Watershed Review re-invigorates literary legacy

Veronica Hodur

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Two editors embrace during the launch party for the spring 2014 edition of Chico State's literary magazine Watershed Review at 1078 Gallery. Photo credit: Veronica Hodur

A truly cohesive work of art only occurs if everyone involved is truly dedicated. This is how Watershed Review has continued to push the boundaries on what a literary magazine can be.

Watershed Review, Chico State’s literary magazine, began in 1977 and was cut a few years ago due to funding issues. In 2012, it was reinstated as an intern program and is now a fully reinstated class offered by the English department.

The students in the class are editors for the magazine and chose the pieces that will be selected from the 300 or so applicants from all over the country that submit poems, fiction, nonfiction and artwork.

Getting involved with the magazine is an amazing way for students to professionalize, said Sarah Pape, the managing editor and faculty adviser for Watershed Review.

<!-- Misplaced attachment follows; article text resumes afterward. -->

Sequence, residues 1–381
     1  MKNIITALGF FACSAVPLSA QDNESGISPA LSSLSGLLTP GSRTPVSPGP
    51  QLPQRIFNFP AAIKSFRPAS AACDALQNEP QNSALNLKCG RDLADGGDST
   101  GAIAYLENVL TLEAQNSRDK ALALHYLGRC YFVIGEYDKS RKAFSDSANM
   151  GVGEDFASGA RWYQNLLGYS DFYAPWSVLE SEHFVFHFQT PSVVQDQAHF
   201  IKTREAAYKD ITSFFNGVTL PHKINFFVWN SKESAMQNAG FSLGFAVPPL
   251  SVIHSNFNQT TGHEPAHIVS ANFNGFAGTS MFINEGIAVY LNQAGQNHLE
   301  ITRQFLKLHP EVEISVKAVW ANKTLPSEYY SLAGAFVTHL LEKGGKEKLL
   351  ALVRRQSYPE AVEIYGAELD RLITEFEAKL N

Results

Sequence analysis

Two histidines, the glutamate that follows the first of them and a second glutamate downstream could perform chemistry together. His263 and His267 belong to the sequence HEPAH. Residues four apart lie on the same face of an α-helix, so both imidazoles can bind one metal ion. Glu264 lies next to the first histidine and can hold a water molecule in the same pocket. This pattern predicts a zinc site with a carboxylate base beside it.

“It gives people professional skills to go forward and do something else in the world,” Pape said. “And our graduate program students go on to get jobs in major publishing houses. It’s an amazing resource.”

During the launch party held for the magazine Monday night at 1078 Gallery, each editor chose their favorite piece from the spring 2014 edition and read it aloud to a packed audience.

The pieces ranged from poetry set to a staccato rhythm to mimic the ideals of free form jazz to short stories about the beauty and consistency of nature. Each piece resonated with the editor who chose it, showing the level of pride and care the editors had for the submitted works.

Nathan Collins, a graduate student majoring in English literature and the head student prose editor-in-chief of Watershed Review, co-taught the editing class with Pape this semester and helped select which submissions were included in the spring 2014 edition.

“This is work that comes out of nowhere,” Collins said. “And they’re sending it to you to see if they have a home with you.”

Collins is graduating this year and has been honored with the Ellen Walker Award for Excellence in publishing. He hopes to be able to work in publishing to create artistic homes for many more authors.

“Watershed has been a huge part of my time at Chico State and a big part of my life,” Collins said. “I’ll always remember cutting my teeth into this magazine and really starting off what I hope will become a beautiful career.”

Veronica Hodur can be reached at [email protected] or @VeronicaHodur on Twitter.

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